|The Goldhagen Debates:
Hitler’s Willing Executioners: Ordinary Germans and the Holocaust
Goldhagen, opinion article in The New York Times, March 17, 1996.
“The Nazi authorities, apparently acting on the assumption that any able-bodied German would consent to kill Jews, assigned virtually anyone to the task. Their assumption was borne out.”
“A trove of articles confirms this fact. During postwar illegal investigations, the West German authorities interrogated tens of thousands of former killers and put former killers and put a few thousand on trial. These records have been used only selectively by scholars, in part because they are scattered throughout the justice system, and not stored in historical archives.”
General Theory of Hitler’s Willing Executioner:
The personal responsibility of the Nazi perpetrators within an anti-Semitic cultural horizon
Goldhagen asks about the extent of anti-Semitism in German society. He explains anti-Semitism as an Axiom of the society. Thus, anti-Semitism was not just a personal ideology but also functioned as a cultural code, the essence of the German Volksgemeinschaft, which culminated in Auschwitz. He sees anti-Semitism in the horizon of Auschwitz. Furthermore, he claims that society is a transmitter of anti-Semitic attitudes, fitting these prejudices into the cognitive structures which inform public and interpersonal discourse. Thus, Goldhagen adapts Maurice Halbwach’s theory on collective memory to anti-Semitism, arguing that anti-Semitism was part of the shared code for conversations and interactions which constitute society---meaning that each German’s reality was formed by this cognitive frame of anti-Semitism. Thus, Goldhagen roots his explanation of Auschwitz in the history of German political culture before and during the third-Reich. In this environment, the Jews became the Volk’s antithesis. “Built into the concept of Volk was a deprecation of Jews, who embodied all the negative qualities and ideals which were absent from the Volk, including moral ones. Thus, the conceptual and moral foundation of German political existence incorporated the perniciousness of the Jews” (Goldhagen, Hitler’s Willing Executioners, 77-78).
Definition of anti-Semitism:
Anti-Semitism is not the result of action or behaviour of concrete Jewish persons.
Anti-Semitism is an aspect of the Christian culture.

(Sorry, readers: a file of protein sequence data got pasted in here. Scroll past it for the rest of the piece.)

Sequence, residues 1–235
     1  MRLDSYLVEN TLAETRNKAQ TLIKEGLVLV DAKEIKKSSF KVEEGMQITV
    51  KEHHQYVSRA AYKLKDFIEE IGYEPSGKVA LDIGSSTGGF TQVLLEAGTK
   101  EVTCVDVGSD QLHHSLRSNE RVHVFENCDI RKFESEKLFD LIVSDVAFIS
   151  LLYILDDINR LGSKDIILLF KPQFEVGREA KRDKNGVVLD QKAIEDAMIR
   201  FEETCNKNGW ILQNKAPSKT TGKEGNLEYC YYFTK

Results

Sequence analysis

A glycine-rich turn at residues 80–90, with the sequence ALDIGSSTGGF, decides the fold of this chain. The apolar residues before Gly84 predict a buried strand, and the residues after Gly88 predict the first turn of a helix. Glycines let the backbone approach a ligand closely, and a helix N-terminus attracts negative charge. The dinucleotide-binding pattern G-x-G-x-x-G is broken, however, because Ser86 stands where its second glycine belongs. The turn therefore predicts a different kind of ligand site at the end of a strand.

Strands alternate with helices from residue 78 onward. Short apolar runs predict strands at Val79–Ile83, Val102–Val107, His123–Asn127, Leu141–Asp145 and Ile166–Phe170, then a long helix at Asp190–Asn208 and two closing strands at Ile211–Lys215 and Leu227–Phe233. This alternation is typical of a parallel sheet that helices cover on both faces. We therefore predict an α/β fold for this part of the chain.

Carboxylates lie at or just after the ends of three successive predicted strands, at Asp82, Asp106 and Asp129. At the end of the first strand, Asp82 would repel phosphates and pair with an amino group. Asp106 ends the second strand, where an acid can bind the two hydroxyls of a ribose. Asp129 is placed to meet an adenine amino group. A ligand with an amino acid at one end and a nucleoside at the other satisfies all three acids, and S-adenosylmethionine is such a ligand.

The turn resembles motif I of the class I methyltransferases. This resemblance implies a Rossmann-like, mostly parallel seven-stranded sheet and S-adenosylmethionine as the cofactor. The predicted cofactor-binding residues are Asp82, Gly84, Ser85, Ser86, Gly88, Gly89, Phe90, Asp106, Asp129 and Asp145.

The expression and outbreak of anti-Semitism depends on political and social changes.
While Goldhagen sees this type of anti-Semitism as unique to the German case, it lacks a cohesive definition in his work, a point which many scholars have criticized. However, it is primary expressed in:
1. The total assimilation of Jews, asks them to construct themselves in the image of Germans.
2. Laws which restricts rights of Jews
3. The desire to take back the Jewish emancipation from the beginning of the 19th century.
4. Forcing Jews out of the country.
Christopher R. Browning, “Ordinary Men or Ordinary Germans” given at the U.S. Holocaust Museum and Memorial on April 8, 1996.
“Goldhagen has gone about constructing his history of Germans and the Holocaust…. [it] is an example of what I like to call ‘keyhole history’; he views events though a single narrow vantage point that blocks out context and perspective.”
Ruth Bettina Birn, “Revising the Holocaust” from The Historical Journal (40, 1, 1997)
“He seems to follow no stringent methodological approach whatsoever. This is the problem. He prefers instead to use parts of the statements selectively, to reinterpret them according to his own point of view, or to take them out of context and make them fit into his own interpretative framework”
Goldhagen quotes pointed out by Norman G. Finkelstein in “Daniel Jonah Goldhagen’s ‘Crazy Thesis’ A critique of Hitler’s Willing Executioners”, in A Nation on Trial The Goldhagen Thesis and Historical Truth.
“Germans’ anti-semitism was the basis of their profound hatred of the Jews and the psychological impulse to make them suffer” (HWE: 584)
“The motivational dimension is the most crucial for explaining the perpetrator’s willingness to act” (HWE: 20).
Goldhagen in New York Times:
Few people believe that the Serbs who butchered and brutalized Muslims in Bosnia were forced to do so. Few believe that the Hutus slaughtered Tutsis in Rwanda, the Turks who killed Armenians and the Khmer Rouge who decimated the Cambodian people thought that they were doing wrong.
Major Phases of the German Debate:
1st: “debate without the book”---April 1996 to June 1996.
2nd: Goldhagen’s Germany Tour—September 1996
Questions to think about:
Do we believe that Auschwitz has its roots in the nature of German society, as Goldhagen argues? Or does the Nazi maniuplaton explain the crimes?
If that is true, do we believe in Goldhagen’s claim about the effectiveness of the Allied re-education program?